Pervez breaks Siachen ice, will leave it alone
REUTERS[ SUNDAY, SEPTEMBER 26, 2004 10:37:10 PM ]
Pakistani foreign ministry officials in Islamabad said that they could not confirm the report.
The two countries have discussed the Siachen dispute many times but India has been reluctant to vacate the peaks fearing that Pakistani troops at lower ground would move up and occupy the glacier.
The News also said that the two leaders had agreed to restore a hotline set up between the Pakistani President and Indian Prime Minister 11 years ago but never used.
The only regularly used hotline between the nuclear-armed rivals is between senior military officials.
Analysts said that the meeting between Musharraf and Singh had revitalised a flagging peace process under which the two countries had held a series of talks at foreign minister and senior official level this year aimed at building confidence.
Pakistan and India said that they wanted to resolve all their disputes, including the core issue of Kashmir, cause of two of their three wars since gaining independence from Britain in 1947.
In Jammu and Kashmir, an alliance of political separatist groups said that it would only consider resuming peace talks with the Indian government after getting a formal invitation.
The comments came a day after Home Minister Shivraj Patil said that the government would not attach conditions to dialogue on the region. But that offer was met with scepticism.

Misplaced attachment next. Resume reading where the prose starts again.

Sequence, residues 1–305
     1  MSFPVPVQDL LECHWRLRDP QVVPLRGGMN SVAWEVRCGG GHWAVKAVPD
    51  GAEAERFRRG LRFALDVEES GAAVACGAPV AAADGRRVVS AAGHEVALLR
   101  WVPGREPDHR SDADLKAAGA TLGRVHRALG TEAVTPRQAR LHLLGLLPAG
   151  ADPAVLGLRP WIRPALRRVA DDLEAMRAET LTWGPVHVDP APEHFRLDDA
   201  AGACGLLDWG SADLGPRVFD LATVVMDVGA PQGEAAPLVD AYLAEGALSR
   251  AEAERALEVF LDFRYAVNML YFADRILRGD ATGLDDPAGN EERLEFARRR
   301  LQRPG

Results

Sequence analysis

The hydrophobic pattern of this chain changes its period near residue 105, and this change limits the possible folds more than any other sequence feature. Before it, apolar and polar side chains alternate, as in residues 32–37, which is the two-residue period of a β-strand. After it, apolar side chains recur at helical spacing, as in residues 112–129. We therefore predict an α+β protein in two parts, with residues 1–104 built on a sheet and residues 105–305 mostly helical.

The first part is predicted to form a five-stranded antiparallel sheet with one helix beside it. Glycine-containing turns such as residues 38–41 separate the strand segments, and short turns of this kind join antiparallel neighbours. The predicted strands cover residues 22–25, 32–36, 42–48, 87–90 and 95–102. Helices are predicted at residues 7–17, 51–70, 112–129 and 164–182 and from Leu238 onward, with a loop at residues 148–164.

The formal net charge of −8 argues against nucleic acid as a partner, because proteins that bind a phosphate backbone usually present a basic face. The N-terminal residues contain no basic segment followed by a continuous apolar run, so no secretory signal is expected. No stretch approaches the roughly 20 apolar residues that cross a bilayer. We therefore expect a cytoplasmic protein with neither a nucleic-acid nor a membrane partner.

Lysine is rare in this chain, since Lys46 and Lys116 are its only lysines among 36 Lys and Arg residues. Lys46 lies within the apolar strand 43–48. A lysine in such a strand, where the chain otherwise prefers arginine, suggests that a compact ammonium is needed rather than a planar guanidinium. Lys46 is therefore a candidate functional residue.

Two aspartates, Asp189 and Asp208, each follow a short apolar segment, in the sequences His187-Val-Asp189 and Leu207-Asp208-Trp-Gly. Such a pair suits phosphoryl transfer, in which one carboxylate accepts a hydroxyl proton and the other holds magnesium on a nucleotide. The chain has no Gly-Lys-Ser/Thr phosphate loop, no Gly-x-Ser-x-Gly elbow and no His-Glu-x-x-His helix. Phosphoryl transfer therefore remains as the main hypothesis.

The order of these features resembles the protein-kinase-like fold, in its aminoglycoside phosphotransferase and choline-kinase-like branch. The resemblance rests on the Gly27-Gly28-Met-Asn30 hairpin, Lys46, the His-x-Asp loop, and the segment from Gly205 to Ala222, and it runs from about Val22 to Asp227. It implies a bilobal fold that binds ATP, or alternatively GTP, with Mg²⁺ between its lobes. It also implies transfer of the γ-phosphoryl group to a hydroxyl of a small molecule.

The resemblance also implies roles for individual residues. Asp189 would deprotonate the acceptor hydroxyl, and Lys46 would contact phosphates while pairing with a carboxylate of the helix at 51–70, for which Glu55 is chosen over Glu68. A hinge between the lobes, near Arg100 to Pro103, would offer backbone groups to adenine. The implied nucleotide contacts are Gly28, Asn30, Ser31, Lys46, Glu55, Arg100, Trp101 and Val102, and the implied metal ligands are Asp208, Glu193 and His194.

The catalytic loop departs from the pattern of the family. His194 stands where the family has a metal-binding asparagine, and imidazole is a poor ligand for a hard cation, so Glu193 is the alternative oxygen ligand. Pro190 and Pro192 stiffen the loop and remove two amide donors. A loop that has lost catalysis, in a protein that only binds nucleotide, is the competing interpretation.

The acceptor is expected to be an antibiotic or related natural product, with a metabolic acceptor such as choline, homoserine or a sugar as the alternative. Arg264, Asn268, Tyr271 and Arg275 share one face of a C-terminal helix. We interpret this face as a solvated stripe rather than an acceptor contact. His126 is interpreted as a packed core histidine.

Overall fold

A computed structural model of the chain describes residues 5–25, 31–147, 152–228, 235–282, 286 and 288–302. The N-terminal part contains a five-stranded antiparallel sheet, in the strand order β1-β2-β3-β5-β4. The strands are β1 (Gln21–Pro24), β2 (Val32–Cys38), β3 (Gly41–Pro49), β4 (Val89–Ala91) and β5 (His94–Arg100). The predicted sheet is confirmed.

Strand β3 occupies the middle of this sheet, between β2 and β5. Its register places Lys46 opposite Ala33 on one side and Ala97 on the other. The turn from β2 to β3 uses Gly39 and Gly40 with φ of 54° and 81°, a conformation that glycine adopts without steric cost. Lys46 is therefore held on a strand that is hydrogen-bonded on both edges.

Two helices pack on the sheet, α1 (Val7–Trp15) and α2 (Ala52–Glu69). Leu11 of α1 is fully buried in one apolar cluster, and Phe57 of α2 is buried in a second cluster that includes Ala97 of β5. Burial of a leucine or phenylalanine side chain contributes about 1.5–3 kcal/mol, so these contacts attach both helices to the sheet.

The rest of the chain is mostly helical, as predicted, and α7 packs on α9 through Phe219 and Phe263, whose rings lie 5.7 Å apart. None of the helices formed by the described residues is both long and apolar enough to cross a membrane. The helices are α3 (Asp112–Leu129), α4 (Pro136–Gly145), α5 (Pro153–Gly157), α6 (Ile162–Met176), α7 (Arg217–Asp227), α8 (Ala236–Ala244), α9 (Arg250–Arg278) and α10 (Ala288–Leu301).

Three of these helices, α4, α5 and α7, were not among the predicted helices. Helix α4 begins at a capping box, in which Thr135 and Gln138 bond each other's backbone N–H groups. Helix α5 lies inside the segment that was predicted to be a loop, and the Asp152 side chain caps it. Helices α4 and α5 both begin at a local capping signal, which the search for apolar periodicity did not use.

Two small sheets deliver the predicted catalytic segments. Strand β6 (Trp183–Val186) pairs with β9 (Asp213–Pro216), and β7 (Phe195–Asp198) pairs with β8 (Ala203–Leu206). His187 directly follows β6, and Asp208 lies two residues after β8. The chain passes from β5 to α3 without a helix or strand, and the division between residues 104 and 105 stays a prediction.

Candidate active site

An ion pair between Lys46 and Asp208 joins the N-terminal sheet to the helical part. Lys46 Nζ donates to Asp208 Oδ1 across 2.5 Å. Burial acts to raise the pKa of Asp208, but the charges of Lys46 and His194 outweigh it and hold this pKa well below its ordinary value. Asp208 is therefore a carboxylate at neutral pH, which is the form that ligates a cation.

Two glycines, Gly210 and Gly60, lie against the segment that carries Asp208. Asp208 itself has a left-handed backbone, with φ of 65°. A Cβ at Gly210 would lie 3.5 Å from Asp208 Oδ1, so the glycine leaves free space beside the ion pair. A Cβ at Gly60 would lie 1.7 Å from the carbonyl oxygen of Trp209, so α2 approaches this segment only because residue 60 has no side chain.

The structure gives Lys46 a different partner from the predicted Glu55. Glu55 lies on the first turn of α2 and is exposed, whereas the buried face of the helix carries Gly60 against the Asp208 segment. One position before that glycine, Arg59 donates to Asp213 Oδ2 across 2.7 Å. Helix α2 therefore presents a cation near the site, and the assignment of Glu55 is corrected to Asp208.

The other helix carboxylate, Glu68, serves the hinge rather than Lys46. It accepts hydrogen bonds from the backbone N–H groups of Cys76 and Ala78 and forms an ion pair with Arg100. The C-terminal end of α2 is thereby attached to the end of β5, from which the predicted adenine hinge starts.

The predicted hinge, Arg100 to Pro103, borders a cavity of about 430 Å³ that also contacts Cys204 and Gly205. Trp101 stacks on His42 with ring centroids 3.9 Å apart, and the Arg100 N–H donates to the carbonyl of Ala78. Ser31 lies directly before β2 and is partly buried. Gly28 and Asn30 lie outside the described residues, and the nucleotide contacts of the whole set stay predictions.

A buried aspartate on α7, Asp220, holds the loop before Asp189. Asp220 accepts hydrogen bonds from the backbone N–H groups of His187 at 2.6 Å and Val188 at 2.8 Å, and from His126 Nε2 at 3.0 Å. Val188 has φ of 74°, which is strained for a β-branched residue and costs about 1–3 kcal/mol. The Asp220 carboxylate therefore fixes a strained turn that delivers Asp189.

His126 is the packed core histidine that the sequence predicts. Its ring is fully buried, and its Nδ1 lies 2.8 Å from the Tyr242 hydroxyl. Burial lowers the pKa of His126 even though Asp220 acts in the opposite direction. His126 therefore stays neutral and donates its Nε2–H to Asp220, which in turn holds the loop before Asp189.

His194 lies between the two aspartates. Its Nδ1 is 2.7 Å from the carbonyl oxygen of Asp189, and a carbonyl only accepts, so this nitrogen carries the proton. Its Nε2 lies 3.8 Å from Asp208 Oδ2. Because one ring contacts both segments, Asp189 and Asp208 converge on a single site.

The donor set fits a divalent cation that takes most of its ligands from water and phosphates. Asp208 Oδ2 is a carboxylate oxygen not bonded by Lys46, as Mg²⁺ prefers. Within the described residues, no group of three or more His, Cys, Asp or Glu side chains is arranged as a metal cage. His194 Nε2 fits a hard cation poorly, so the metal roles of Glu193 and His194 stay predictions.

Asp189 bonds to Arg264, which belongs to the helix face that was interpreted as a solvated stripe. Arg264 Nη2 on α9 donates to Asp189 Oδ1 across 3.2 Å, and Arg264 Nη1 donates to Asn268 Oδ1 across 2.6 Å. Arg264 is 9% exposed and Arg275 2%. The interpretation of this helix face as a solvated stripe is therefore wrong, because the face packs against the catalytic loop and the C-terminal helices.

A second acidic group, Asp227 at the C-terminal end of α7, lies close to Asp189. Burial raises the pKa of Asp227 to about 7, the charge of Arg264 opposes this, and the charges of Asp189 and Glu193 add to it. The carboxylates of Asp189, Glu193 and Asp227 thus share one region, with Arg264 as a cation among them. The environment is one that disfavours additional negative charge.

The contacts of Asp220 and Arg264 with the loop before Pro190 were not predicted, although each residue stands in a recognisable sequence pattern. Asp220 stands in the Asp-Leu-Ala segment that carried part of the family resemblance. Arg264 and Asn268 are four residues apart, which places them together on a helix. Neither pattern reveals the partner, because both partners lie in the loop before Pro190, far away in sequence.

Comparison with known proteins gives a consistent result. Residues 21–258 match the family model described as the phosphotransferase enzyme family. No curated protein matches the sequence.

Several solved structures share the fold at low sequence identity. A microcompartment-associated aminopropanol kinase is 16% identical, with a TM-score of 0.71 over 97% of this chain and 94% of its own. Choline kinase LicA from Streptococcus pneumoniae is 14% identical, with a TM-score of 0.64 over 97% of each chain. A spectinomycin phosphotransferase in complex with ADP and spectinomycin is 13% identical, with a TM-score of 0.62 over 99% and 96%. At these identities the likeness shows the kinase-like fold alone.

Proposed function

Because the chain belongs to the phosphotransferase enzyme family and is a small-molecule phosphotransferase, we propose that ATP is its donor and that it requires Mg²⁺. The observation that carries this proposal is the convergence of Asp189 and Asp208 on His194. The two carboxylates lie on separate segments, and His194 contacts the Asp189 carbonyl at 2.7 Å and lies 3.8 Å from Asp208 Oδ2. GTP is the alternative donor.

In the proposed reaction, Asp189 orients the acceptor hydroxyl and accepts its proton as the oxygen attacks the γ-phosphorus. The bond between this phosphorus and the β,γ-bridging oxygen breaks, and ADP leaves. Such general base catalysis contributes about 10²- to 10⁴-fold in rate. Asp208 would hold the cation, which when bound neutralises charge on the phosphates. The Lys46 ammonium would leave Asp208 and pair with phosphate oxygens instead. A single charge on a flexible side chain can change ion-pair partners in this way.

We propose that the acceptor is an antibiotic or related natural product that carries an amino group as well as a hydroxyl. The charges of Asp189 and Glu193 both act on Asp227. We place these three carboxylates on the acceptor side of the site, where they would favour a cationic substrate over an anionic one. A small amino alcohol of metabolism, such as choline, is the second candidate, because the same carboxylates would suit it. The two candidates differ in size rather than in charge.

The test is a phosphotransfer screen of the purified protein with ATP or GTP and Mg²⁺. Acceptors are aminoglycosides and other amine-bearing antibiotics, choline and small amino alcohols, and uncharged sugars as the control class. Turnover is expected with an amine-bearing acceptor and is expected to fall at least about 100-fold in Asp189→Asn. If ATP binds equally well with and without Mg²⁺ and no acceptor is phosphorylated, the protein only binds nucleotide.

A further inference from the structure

"Earlier also, they announced that they would hold unconditional talks with us but later they backed out," said Maulana Abbas Ansari, an official of the All Parties Hurriyat Conference, an alliance of two dozen Kashmiri separatist groups.
"We'll wait for the formal invitation and discuss it," he said.
The talks, the first since the insurgency began, were launched this year by the previous government in New Delhi.
But the dialogue appeared to have broken down last month after the UPA government, which took power in May, insisted talks be held within the constitution, which says Kashmir is an integral part of India.
That position is not acceptable to the Hurriyat, which is seeking independence for Kashmir or merger with Pakistan.
Earlier, Patil had said in an interview that an invitation would be sent to Hurriyat leaders when he visited Kashmir next month.